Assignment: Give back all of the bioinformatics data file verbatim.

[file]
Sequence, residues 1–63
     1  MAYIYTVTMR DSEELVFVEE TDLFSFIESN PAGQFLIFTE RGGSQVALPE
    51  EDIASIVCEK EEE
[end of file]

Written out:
Sequence, residues 1–63
     1  MAYIYTVTMR DSEELVFVEE TDLFSFIESN PAGQFLIFTE RGGSQVALPE
    51  EDIASIVCEK EEE